Let (43)Bi=[0bihiαi0]n×m be the ith row which is equal to bihiαi. Then, the solution of system (42) with the initial condition x(a)=xan which is unique and given by (44)γ(q,x(a),u)=Φ(q)x(a)+i=1nr=0qEi(q-σ(r))Biu(r), where q0 and (45)Ei(q)=(k):0inkiqT(k)φ~(k)+ei(q),φ~(k)(q)=(q+μ-1q),μ=i=1nkiαi.

Proof.

The steps in the proof are similar to the case with one value for the step h=1 like it is presented in .

We can consider also the value E(-1)=0. Then for q1 the solution of (40) can be rewritten in the form (46)γ(q,x(a),u)=Φ(q)x(a)+i=1nr=0q-1Ei(q-σ(r))Biu(r).

Definition 17.

System (40) is (completely) controllable in q-steps from the initial state (41) to the final state (47)x(f)=[xf1xfn]n, such that x(f)x(a), if there is a control u, such that (48)γ(q,x(a),u)=x(f).

Note that controllability means that the final state can be reached in q-steps, where q1.

Let us define the controllability matrix for the system (42) in the following way, as in : (49)Qq=r=0q-1P(q,r)PT(q,r), where (50)P(q,r)=i=1nEi(q-σ(r))Bi and PT(q,r) denotes the transposition of the matrix P(q,r). It can be noticed that Qq is a symmetric n×n-dimensional matrix.

The next propositions give the formula for the values of steering control and also rank condition for complete controllability. The results have the same meaning like in the classical theory. For the fractional difference systems with the Caputo-type operator with one step h and two orders (α)=(α1,α2) some conditions were proved in . The basic difference here is the form of the matrices T(k) and Bi, where we have multiplication of rows by hikiαi or only hiαi for bi, which can influence the rank of controllability matrix Qq. See the example in the end of the next section. It is important to notice that the form of the controllability matrix and of the formula of values u¯(r)>0 do not depend on the type of the operator.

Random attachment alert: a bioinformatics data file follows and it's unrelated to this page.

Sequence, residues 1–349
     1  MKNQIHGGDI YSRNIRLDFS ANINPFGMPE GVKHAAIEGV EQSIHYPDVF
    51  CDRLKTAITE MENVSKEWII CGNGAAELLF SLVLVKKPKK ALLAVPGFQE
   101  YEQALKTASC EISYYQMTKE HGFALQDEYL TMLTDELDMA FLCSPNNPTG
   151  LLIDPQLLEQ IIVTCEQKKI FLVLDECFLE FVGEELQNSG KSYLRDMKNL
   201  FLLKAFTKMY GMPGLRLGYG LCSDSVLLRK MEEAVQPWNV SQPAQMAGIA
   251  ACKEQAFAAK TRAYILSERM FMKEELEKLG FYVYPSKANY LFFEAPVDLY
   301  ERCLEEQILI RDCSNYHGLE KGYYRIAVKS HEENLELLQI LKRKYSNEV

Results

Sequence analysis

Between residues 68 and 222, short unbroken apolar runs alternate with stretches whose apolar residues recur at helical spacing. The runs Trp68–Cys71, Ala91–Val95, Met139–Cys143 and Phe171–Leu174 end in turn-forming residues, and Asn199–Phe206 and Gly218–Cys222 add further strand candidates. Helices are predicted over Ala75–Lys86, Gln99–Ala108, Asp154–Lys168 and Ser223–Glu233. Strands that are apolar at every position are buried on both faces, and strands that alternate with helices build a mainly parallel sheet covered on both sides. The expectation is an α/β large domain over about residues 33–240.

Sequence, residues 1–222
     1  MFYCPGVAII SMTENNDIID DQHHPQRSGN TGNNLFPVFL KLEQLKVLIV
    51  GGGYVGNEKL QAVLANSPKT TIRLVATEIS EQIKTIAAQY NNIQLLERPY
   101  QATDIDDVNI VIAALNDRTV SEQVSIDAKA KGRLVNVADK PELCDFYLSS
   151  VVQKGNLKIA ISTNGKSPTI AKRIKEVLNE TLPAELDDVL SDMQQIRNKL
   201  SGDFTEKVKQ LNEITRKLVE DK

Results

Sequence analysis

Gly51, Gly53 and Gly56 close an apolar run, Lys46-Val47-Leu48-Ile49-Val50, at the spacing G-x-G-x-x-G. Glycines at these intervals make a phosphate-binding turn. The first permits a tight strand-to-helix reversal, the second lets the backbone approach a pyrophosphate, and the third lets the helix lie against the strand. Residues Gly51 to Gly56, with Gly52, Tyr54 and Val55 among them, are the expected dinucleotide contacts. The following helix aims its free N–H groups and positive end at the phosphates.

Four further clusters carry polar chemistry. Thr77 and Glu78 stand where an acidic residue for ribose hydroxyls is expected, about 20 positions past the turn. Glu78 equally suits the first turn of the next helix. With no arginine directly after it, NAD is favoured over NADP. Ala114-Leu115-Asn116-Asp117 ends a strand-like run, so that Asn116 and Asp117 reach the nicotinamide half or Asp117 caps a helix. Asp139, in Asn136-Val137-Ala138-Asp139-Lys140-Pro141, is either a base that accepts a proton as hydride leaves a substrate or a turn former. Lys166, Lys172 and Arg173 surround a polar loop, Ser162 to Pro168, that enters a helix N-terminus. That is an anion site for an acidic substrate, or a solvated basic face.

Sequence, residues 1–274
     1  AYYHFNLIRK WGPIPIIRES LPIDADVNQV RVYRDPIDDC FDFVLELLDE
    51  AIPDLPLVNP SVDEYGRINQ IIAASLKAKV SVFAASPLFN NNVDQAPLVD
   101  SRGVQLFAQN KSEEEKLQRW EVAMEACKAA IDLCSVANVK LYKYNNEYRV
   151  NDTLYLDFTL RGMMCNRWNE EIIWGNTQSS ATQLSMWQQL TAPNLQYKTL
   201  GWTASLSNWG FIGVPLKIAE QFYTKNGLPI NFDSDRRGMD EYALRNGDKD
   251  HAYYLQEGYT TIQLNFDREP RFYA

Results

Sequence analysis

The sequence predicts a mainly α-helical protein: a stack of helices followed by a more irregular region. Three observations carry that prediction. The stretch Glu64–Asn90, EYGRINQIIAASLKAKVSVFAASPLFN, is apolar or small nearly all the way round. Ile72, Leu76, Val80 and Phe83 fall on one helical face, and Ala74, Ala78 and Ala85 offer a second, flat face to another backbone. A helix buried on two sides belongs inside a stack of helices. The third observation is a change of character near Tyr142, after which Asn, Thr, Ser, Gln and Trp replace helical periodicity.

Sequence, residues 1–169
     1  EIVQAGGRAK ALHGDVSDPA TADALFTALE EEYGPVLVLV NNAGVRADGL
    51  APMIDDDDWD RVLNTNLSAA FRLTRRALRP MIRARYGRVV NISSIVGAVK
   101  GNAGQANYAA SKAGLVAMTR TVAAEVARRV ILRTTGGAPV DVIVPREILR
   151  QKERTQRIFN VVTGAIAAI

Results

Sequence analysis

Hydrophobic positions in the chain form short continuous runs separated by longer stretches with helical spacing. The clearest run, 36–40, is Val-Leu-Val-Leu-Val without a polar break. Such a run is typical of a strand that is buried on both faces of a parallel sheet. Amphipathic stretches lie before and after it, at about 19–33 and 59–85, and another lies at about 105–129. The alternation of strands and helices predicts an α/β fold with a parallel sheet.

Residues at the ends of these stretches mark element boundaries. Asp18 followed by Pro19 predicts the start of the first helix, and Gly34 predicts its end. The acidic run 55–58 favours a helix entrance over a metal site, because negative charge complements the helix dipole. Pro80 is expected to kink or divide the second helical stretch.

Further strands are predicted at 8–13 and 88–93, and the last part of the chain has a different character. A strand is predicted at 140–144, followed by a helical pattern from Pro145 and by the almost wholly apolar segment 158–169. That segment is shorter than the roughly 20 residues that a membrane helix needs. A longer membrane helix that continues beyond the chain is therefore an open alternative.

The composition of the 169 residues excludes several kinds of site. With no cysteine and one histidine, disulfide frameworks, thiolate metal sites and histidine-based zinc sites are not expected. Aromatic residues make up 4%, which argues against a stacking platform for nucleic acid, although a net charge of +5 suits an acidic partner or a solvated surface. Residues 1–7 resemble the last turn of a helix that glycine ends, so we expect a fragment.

Proposition 18 (see [<xref ref-type="bibr" rid="B13">13</xref>]).

If the matrix Qq is nonsingular, then the following control function (51)u¯(r)=PT(q,r)·Qq-1(x(f)-Φ(q)x(a)) transfers the initial state x(a) to the final state x(f)=γ(q,x(a),u).

Proposition 19.

Control system (40) is controllable in q steps if and only if rankQq=n.

5. Observability

Let us consider multiorder and multistep difference linear control system of the form (40), written as a common form for each operator, where the output function is the same (52)η(q)=Cx¯(q)+Du(q) as initial condition x(a) given by (41), where q0. Note that for q0 from the output relation (52) it follows that the output trajectory of this system, denoted by χ(·,x(a),u), is given by (53)χ(q,x(a),u)=CΦ(q)x(a)+C·i=1nr=0qEi(q-σ(r))Biu(r)+Du(q), where x(a) is the initial state described by (41) and E(-1)=0.

Definition 20.

System (40) with the output function (52) is observable in q steps, if having a control u={u(0),u(1),,u(q)}, and output sequence y={η(0),η(1),,η(q)} one can determinate the initial condition x(a) of this system.

Let us define a real matrix (54)𝒪q=r=0qΦT(r)CTCΦ(r), where q0 and ΦT denotes the transposition of Φ. Since it is defined in the similar manner as the classical observability Gramian, we call it the (fractional) observability Gramian. Observe that Cp×n and so CΦ(q)p×n.

Theorem 21.

System (40) with the output function (52) is observable in q steps if and only if matrix 𝒪q given by (54) is nonsingular.